Total population 29,639,000 0.8%
South Africa 19,890 0.7%
United States 73,860 0.6%
El Salvador 29,680 0.6%
Ukraine 25,530 0.6%
Ghana 13,450 0.6%
Germany 22,810 0.5%
Guatemala 10,580 0.5%
Malaysia 12,280 0.5%
United Kingdom 69,660 0.4%
China, People's Republic of 236,930 0.4%
Philippines 161,130 0.3%
All immigrants 5,448,490 0.3%
Mexico 24,640 0.3%
Russian Federation 35,950 0.3%
Somalia 18,220 0.3%
All recent immigrants 2,491,850 0.3%
Iran 61,560 0.2%
Pakistan 64,020 0.2%
France 27,500 0.2%
Taiwan 60,530 0.2%
Korea, South 50,970 0.2%
Romania 43,200 0.2%
Viet Nam 72,330 0.1%
Poland 91,140 0.1%
Sri Lanka 80,080 0.1%

Note: Table B-2 lists all countries that are the place of birth of at least 10,000 recent immigrants living in Canada in 2001, with Saskatoon’s share being 0.1% or more.

Steady flow of skilled workers and government-assisted refugees

Statistics published by Citizenship and Immigration Canada show that the number of immigrants who reported Saskatoon as their destination when they landed in Canada increased by 1,000 between the second half of the 1980s and the first half of the 1990s and decreased by 700 in the second half of the 1990s. The decline was concentrated in the family immigrant class. Almost one-half of the 1996-2000 immigrant cohort destined for Saskatoon entered as economic immigrants and nearly one-third were refugees.

Table B-3: Recent immigrants by period of immigration—landings by immigration category, Saskatoon Census Metropolitan Area, 1986-2000 (number and percentage distribution)
  1986-1990 1991-1995 1996-2000
Family class 1,000 29% 1,300 29% 800 21%
Economic immigrants 1,200 34% 2,000 44% 1,800 47%
Refugees 1,300 37% 1,200 27% 1,200 32%
Other immigrants 20 1% 60 1% 0 0%
Total 3,500 100% 4,500 100% 3,800 100%

Source: Citizenship and Immigration Canada, Facts and Figures, 2002.

Note: The 2001 Census did not ask immigrants about the immigration categories through which they were admitted to Canada. The information in Table B-3 was obtained from records at Citizenship and Immigration Canada, and pertains to the time of landing. The immigration categories are described in the Glossary.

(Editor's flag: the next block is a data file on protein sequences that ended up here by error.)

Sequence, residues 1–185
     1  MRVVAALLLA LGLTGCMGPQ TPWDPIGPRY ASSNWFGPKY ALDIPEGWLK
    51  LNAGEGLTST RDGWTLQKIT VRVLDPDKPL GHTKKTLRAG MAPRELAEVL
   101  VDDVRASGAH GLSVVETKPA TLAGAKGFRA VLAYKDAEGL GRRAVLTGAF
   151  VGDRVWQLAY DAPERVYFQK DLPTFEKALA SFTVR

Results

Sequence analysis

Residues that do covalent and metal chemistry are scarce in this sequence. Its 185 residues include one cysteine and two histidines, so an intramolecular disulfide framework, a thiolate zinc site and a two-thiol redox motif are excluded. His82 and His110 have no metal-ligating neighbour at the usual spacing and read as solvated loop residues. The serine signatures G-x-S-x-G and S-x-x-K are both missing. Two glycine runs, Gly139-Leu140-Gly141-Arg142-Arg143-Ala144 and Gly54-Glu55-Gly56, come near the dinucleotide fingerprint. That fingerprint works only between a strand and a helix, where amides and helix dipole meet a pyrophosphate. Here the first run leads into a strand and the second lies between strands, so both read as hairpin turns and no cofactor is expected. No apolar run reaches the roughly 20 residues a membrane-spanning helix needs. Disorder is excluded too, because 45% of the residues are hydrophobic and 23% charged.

The number of immigrants destined to Saskatoon entering through the family class from 1996 to 2001 declined by almost 40% from the first half of the 1990s. Within the family class, the number of spouses remained unchanged over the 1991-1995 and 1996-2000 five-year periods. The number of other relatives—parents and grandparents, sons and daughters, and fiancés—fell from 800 during the 1991-1995 period to 200 during the 1996-2000 period.

Over the 1986-2000 period, the number of privately-sponsored refugees declined. Only 200 privately-sponsored refugees were destined to Saskatoon when they landed in the second half of the 1990s, a 50% decrease compared to the first half of the 1990s. The number of government-assisted refugees remained relatively constant at about 900 per five-year period.

In each of the three five-year periods, about 1,300 skilled workers and their families entered Canada as economic immigrants destined to Saskatoon. About 100 entrepreneurs and their dependants planned to settle in Saskatoon when they landed in the first half of the 1990s. In the latter half of the decade, there were only 10.

Religions changing with countries of origin

While a majority of very recent immigrants living in Saskatoon are Christians, the shares affiliated with the Muslim faith and those reporting no religious affiliation have increased since the mid-1980s. Almost all Canadian-born are affiliated with Christian denominations or report having no religion.

Table B-4: Immigrants by period of immigration and Canadian-born—religious affiliation, Saskatoon Census Metropolitan Area, 2001 (number and percentage distribution)